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Publication numberUS3836993 A
Publication typeGrant
Publication dateSep 17, 1974
Filing dateOct 18, 1973
Priority dateDec 27, 1971
Publication numberUS 3836993 A, US 3836993A, US-A-3836993, US3836993 A, US3836993A
InventorsJoshi V
Original AssigneeLicentia Gmbh
Export CitationBiBTeX, EndNote, RefMan
External Links: USPTO, USPTO Assignment, Espacenet
Magnetic field dependent field effect transistor
US 3836993 A
Abstract
A magnetic field effect transistor comprises a semiconductor body with a region of a specific type of conductivity, a source and a drain electrode between which is provided a channel region formed by a narrowed part of the region of the specific type of conductivity at least one barrier layer defining the channel region and controlling the channel region through the space charge region issuing from the barrier layer, and at least one additional electrode positioned laterally of the direct charge carrier path between the source and drain electrodes and to which at least part of the charge carrier can be deflected in the presence of a suitable magnetic field.
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Description  (OCR text may contain errors)

United States Patent [191 Joshi Sept. 17, 1974 [54] NETI FIELD DEPENDENT FIELD 3,668,439 6/1972 Fujikawa et ai.....'....' 3'i'7/23's'ii EFFECT TRANSISTOR 3,714,523 1/1973 Bate 317/235 H [75] Inventor: Vishnuprakash Joshi, Bangalore, OTHER PUBLICATIONS.

India Wallmark et al., Field Effect Transistors (Prentice-Hall, Englewood Cliffs, NJ.) 1966, page XXII. [73] Assrgnee: Llcentla g Primary Examiner-Rudolph V. Rolinec Frank urt am ermany Assistant ExaminerWilliam D. Larkins [22] Filed: Oct. 18, 1973 Attorney, Agent, or Firm-Spencer & Kaye [21] Appl. No.: 407,669 [57] ABSTRACT Related Application Data A magnetic field effect transistor comprises a semi- [63] Continuation of Ser. No. 212,5]0, Dec. 27, 1971. conductor body with a region of a specific type of abandoned. conductivity, a source and a drain electrode between which is provided a channel region formed by a nar- [52] U.S. Cl 357/27, 357/22. 357/55. rowed part of the region of the specific type of con- 357/58 ductivity at least one barrier layer defining the chan- [51] Int. Cl. H011 11/14 nel region and controlling the channel region through [58] Field of Search 317/235 A, 235 H the space charge region issuingfrom the barrier layer,

and at least one additional electrode positioned later- [56] References Cited ally of the direct charge carrier path between the UNITED STATES PATENTS source and drain electrodes and to which at least part 3,448,353 6/1969 Gallagher et a1. 317/235 H of fzharge can be deflected the presence 3,585,462 1 6/1971 of a suitable magnetic field.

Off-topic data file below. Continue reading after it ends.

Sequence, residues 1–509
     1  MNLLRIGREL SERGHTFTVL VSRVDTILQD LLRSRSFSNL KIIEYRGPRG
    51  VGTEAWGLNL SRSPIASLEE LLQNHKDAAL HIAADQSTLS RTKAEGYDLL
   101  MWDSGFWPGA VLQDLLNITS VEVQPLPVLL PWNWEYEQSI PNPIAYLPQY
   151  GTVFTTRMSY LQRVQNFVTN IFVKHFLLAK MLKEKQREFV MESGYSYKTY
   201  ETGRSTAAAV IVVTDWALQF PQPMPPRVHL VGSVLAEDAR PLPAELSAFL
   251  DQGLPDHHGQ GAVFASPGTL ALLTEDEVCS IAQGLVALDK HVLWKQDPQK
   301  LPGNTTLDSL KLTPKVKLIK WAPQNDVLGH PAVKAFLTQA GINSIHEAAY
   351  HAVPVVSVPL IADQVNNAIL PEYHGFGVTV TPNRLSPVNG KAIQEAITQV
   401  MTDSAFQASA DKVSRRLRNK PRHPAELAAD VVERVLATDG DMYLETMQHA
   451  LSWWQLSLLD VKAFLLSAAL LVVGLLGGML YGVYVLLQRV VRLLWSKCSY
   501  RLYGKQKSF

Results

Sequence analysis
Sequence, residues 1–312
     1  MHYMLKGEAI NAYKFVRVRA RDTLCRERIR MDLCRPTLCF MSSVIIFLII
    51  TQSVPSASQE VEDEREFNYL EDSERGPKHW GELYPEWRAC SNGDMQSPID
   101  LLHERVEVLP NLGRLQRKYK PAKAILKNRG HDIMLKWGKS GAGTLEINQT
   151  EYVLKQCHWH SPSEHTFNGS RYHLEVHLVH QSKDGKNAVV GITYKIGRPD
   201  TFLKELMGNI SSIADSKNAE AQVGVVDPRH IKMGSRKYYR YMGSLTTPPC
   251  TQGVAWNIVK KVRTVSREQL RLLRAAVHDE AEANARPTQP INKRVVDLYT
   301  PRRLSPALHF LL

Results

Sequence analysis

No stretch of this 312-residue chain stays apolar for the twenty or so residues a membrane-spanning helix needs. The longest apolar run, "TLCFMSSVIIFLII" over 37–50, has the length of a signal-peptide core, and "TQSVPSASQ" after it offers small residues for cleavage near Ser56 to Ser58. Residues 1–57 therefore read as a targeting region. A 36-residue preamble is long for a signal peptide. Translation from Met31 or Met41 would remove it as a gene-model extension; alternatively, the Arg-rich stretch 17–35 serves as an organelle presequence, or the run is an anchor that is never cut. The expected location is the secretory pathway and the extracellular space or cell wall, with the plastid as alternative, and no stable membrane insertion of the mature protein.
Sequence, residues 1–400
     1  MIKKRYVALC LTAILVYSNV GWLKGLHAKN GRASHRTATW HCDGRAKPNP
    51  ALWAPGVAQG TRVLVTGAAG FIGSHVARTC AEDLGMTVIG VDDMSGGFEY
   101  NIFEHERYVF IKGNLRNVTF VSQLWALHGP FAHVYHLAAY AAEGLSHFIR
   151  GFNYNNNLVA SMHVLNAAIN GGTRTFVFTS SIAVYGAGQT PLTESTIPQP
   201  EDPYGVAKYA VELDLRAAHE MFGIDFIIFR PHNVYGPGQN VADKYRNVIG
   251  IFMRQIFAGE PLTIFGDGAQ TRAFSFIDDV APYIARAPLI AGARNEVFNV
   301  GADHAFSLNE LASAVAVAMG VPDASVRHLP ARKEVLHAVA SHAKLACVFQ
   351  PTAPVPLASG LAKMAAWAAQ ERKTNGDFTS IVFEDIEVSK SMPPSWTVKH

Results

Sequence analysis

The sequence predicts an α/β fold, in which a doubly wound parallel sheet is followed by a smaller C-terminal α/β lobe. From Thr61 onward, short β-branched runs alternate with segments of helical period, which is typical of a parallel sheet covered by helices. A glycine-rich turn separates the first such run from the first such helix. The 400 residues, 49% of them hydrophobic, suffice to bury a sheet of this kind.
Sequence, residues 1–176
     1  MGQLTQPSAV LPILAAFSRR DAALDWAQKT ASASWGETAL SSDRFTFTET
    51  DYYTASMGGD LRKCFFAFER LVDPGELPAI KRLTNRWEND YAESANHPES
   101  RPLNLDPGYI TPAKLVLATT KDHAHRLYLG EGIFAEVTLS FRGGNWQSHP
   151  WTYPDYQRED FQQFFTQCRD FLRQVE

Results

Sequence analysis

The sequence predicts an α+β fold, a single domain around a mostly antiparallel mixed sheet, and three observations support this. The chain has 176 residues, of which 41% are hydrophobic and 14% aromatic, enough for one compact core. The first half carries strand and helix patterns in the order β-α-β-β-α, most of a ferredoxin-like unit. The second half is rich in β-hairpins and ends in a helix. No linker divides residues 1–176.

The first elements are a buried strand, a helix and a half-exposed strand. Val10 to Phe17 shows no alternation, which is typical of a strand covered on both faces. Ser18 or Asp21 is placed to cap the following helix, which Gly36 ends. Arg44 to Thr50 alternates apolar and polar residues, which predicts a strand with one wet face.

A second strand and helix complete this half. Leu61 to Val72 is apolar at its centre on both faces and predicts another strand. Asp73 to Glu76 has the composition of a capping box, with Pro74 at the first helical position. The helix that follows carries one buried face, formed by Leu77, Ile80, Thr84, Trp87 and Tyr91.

Lehovic 317/235 H 15 Claims, 2 Drawing Figures MAGNETIC FIELD DEPENDENT FIELD EFFECT TRANSISTOR This application is a continuation of aplication .Ser. No. 212,510, filed Dec. 27, 1971, now abandoned.

BACKGROUND OF THE INVENTION The invention relates to a magnetic field dependent field effect transistor, the controllable current of which may be deflected, by the action of a magnetic field, to at least one additional electrode.

Magnetic field dependent transistors are already known. A known bipolar transistor has two collector regions arranged symmetrically relative to the center of the emitter region. According to the polarity of the magnetic field acting on the transistor, the current injected by the emitter is deflected to a greater or lesser extent to one or the other collector electrode.

SUMMARY OF THE INVENTION The present invention has the object of providing a particularly sensitive magnetic field dependent transistor which can be controlled with very small magnetic fields. According to the invention, there is provided a magnetic field dependent field effect transistor comprising a semiconductor body, a region of a specific type of conductivity in said semiconductor body, two main ohmic electrodes forming source and drain electrodes, a narrowed portion of said region of said specific type of conductivity positioned between said two main electrodes to form a channel region containing a direct path for charge carries between said two main electrodes, at least one barrier layer defining said channel region and controlling said channel region by means of a space charge region issuing from said barrier layer and at least one additional electrode positioned laterally of said direct path for said charge carriers between said two main electrodes and to which at least a part of said charge carriers are deflected in the presence of a magnetic field of suitable direction and polarity BRIEF DESCRIPTION OF THE DRAWINGS The invention will now be described in greater detail, by way of example, with reference to the accompanying drawings, in which:

FIG. 1 is a perspective phantom view of one form of transistor according to the invention, and

FIG. 2 is a sectional view taken along the line A-A' of FIG. 1.